Contemporary Collaborative Performance: Grad Projects I
This course will provide a critical and supportive forum for the development of new works of original performance, focusing primarily on where current dance and theatre combinations find inspiration. In the first semester, students will explore contemporary theatre-building techniques and methodologies from Dada to Judson Church and beyond. The majority of time will be devoted to lab work, where students will create their own short performance pieces through a multidisciplinary approach. Students will be asked to devise original theatre pieces that utilize methods such as solo forms, viewpoints, chance operations, and creations from nontheatrical sources. In addition to the laboratory aspect to the class, a number of plays, essays, and artists’ manifestos will be discussed. In the second semester, students will collaborate on a single, evening-length work, utilizing theatrical and nontheatrical sources in an attempt to speak to our cultural moment. Please note: The second semester will require additional developmental/rehearsal time outside of class. In addition to class work, there will be several opportunities to visit rehearsals and performances of professional theatre and dance in New York City. Open only to first-year graduate students and required for all first-year Theatre graduate students. This class meets once a week and will be taught by Mr. Neumann in the fall. Faculty for the spring is currently tba.
This course will provide a critical and supportive forum for the development of new works of original theatre with a focus on conducting research in a variety of ways, including historical and artistic research, workshops, improvisations, experiments, and conversation. Each student will focus on creating one original project—typically, but not limited to, a solo—over the course of the full year. During the class, students will show works in progress. During conference, students and faculty will meet to discuss these showings and any relevant artistic and practical problems that may arise. This class meets once a week and is required for all second-year Theatre graduate students.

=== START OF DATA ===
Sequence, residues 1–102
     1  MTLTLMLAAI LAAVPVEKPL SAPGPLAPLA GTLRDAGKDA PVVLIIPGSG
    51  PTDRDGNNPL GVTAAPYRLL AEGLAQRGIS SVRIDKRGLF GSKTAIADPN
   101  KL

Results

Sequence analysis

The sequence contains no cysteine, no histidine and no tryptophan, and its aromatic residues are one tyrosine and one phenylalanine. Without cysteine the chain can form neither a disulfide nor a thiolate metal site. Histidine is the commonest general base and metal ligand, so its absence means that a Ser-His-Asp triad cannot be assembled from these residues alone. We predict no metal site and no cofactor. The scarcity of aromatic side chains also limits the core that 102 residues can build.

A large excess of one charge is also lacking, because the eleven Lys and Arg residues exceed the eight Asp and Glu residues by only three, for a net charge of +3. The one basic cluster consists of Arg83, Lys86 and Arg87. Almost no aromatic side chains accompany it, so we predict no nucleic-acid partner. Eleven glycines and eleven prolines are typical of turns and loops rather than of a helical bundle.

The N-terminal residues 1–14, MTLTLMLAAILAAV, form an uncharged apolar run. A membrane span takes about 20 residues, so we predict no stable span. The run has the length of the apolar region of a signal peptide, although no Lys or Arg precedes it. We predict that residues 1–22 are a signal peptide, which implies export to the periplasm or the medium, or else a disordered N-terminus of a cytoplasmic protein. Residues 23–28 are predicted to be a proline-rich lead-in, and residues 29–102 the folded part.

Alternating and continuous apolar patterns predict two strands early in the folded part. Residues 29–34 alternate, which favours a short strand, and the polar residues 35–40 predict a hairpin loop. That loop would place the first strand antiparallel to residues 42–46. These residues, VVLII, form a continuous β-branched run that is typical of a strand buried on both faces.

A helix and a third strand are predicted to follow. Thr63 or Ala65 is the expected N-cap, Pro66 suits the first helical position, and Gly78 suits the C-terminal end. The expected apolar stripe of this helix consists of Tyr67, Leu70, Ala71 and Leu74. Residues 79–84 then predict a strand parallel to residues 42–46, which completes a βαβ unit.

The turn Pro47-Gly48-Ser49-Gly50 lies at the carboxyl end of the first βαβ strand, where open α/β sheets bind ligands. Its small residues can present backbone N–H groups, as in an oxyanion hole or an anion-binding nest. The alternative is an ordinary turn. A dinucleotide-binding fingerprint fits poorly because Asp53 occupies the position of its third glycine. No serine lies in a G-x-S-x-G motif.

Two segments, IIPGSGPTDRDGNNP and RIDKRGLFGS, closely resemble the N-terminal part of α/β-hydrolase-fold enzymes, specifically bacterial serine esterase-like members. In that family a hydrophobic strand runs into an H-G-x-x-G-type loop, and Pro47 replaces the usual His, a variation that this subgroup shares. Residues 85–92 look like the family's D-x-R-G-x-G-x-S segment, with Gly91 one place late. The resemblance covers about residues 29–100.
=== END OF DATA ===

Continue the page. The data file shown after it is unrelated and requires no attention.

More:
Theatre students may be invited to participate in outside programs, including:
The London Theatre Program (BADA)
Sponsored by Sarah Lawrence College and the British American Drama Academy (BADA), the London Theatre Program offers undergraduates from Sarah Lawrence an opportunity to work and study with leading actors and directors from the world of British theatre. The program offers acting classes with leading artists from the British stage. These are complemented by individual tutorials, where students will work one-on-one with their teachers. A faculty selected from Britain’s foremost drama schools teaches technical classes in voice, movement, and stage fighting. This intense conservatory training is accompanied by courses in theatre history and theatre criticism, tickets to productions, and the experience of performing in a professional theatre. In addition, master classes and workshops feature more of Britain’s fine actors and directors. Designed for dedicated students who wish to study acting in London, the program offers enrollment in either the fall or spring semester for single-semester study. Those wishing to pursue their training more intensely are strongly encouraged to begin their training in the fall and continue with the Advanced London Theatre Program in the spring semester. Audition required.
La MaMa E.T.C.
La MaMa E.T.C. sponsors two summer events in Umbria, Italy, in conjunction with Sarah Lawrence College: International Symposium for Directors, a three-week training program for professional directors, choreographers, and actors in which internationally renowned theatre artists conduct workshops and lecture/demonstrations; and Playwright Retreat, a one-week program where participants have ample time to work on new or existing material. Each day, master playwright Lisa Kron will meet with the playwrights to facilitate discussions, workshops, and exercises designed to help the writers with whatever challenges they are facing. More information is available at http://lamama.org/programs/umbria/.